Surrey, United Kingdom – 19 June, 2019 – Oilfield Technology publishes two-part article about the technical advances of Entro's AutoWalk and AutoLift oil rig mobility systems. The full text of the article can be read below or at The Next Step - part one and The Next Step - part two
Walking systems have come a long way since Oscar Martinson invented the first walking mechanism for a walking dragline in 1913. The first walking systems were mechanically driven directly off of the output shaft of the engine and steered by rotating the entire walking mechanism around the base of the dragline on a massive slewing ring. Modern walking systems typically use hydraulics to lift and move extremely heavy loads and, as a result, they can be one of the lightest and most cost-effective moving systems on a dollars-per-pound basis. All around the world, land-based drilling rigs use walking systems for moving drilling substructures and equipment on drilling sites and, in some cases, between drilling sites.
Modern walking systems use various mechanisms to allow moving loads in any direction, spinning about a point, and steering. So-called ‘plank walkers’ from the early days of rig walking systems could not move in all directions. In the early days, there was either a walker that could move in any direction on the outside of a structure, or a walker with limited steering inside a structure.
The Entro Kingpin Walking System is designed to overcome the limitations of earlier walkers by enabling a large foot to fit in a small space and move in any direction at any time. A roller traverses over the top of a steel ‘foot’ in a guide track. The guide track is connected to the foot by a center pivot pin, which allows the roller to traverse in any direction over the foot without rotating the foot itself. A mechanical linkage between the foot and the rig structure prevents the foot from rotating, which means that the foot can be long (to reduce ground bearing), but still allows walking in any direction while longer than the space between the main beams of a drilling substructure frame.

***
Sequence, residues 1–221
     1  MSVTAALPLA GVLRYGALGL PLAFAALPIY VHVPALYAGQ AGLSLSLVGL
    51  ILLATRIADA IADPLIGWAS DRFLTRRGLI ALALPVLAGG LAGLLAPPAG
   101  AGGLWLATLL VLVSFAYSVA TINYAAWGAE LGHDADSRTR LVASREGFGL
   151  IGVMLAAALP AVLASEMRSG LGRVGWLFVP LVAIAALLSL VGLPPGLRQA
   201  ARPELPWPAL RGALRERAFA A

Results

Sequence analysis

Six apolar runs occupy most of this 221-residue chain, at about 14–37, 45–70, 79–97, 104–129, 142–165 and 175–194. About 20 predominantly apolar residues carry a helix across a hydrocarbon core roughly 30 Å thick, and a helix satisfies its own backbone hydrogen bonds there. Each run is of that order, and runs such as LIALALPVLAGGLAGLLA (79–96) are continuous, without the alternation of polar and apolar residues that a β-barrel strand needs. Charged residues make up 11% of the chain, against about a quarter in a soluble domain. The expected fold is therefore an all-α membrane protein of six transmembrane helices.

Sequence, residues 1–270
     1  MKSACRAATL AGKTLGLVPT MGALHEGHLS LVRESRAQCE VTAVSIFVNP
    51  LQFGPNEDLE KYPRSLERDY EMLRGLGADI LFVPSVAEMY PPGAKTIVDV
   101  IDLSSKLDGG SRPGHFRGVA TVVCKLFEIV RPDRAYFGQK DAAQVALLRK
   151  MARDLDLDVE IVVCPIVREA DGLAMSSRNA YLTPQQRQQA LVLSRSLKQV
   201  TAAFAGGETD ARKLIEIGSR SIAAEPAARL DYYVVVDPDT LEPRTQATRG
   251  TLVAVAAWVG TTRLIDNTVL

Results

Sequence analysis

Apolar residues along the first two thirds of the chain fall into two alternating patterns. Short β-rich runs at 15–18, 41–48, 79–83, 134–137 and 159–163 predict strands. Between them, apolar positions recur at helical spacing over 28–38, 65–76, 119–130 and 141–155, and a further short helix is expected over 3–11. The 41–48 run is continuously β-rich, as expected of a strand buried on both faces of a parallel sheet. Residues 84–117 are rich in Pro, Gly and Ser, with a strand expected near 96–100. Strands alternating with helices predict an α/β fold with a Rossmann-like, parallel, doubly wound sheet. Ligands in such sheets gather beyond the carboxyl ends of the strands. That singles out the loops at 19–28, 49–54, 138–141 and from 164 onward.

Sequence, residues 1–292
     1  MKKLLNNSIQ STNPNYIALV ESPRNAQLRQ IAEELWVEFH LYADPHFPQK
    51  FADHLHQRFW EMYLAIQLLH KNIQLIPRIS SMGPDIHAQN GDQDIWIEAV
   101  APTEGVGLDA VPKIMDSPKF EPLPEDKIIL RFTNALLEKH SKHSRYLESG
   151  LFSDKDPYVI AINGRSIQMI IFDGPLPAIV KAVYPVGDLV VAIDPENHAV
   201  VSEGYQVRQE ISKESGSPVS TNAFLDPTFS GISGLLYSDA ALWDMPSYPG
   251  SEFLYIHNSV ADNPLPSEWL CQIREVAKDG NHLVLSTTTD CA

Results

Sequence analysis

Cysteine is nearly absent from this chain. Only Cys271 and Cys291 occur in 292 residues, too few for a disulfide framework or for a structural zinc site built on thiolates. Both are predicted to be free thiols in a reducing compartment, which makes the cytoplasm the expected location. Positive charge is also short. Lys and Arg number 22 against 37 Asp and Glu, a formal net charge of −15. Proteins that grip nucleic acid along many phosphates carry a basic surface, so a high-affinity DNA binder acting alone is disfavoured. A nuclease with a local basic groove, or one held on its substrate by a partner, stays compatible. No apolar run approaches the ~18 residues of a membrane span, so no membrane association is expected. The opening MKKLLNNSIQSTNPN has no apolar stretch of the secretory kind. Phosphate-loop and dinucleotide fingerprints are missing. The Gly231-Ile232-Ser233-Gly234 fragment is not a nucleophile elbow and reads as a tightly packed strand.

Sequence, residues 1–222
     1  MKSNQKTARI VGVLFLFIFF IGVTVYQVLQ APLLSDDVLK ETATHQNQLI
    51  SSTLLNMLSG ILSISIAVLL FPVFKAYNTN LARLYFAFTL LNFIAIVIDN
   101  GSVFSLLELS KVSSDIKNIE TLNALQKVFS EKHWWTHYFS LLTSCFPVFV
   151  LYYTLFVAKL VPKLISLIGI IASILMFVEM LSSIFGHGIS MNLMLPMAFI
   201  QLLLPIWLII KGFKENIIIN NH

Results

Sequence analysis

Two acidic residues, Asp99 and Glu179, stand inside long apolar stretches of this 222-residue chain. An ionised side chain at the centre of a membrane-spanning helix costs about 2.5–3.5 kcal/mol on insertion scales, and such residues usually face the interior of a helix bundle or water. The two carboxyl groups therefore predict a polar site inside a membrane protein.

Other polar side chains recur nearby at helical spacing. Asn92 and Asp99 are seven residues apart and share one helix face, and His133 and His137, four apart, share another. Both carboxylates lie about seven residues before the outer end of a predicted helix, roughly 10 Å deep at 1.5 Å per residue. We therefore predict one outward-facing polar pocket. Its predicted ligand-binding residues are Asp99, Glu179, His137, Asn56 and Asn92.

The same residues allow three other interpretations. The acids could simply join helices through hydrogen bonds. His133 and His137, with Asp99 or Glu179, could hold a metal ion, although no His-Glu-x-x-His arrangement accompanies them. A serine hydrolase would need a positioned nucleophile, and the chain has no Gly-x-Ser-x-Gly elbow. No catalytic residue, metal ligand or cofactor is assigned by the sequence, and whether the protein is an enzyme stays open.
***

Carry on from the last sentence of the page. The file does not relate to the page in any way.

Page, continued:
The world is becoming increasingly automated, and walking systems are no exception. Drilling companies are always looking for ways to improve safety, to reduce rig-up and rig-downtime, and to extend the capabilities of their drilling rigs. New walking system technologies can help.The walking cycle
In almost all walking systems, the walking cycle consists of four phases. In phase 1 (the lifting phase), the rig is lifted off of the rig mat onto rollers or skids. In phase 2 (the travelling phase), the rig is rolled or skidded over the walking feet. In phase 3 (the lowering phase), the rig is lowered back onto the rig mat and the feet are usually lifted off of the rig mat. In phase 4 (the resetting phase), the foot is pushed ahead of the rig.
Without automation, workers act as spotters to coordinate with the operator on every phase of the cycle:
In an automated system, every phase can be faster and safer. Since the rig is automatically lifted to the correct height, spotters do not get too focused on the feet and can watch out for unexpected snags during traveling. Automation allows the walking cycle to go from phase to phase instantly, instead of requiring the operator to wait for confirmation from each spotter that all the feet are ready to go. Lifting and lowering are consistent, meaning that no time is lost lifting a foot or the rig too high off the mats. With Entro Industries’ AutoWalk system, the operator can interrupt the cycle at any time to adjust the cycle and get back to walking without reprogramming the system.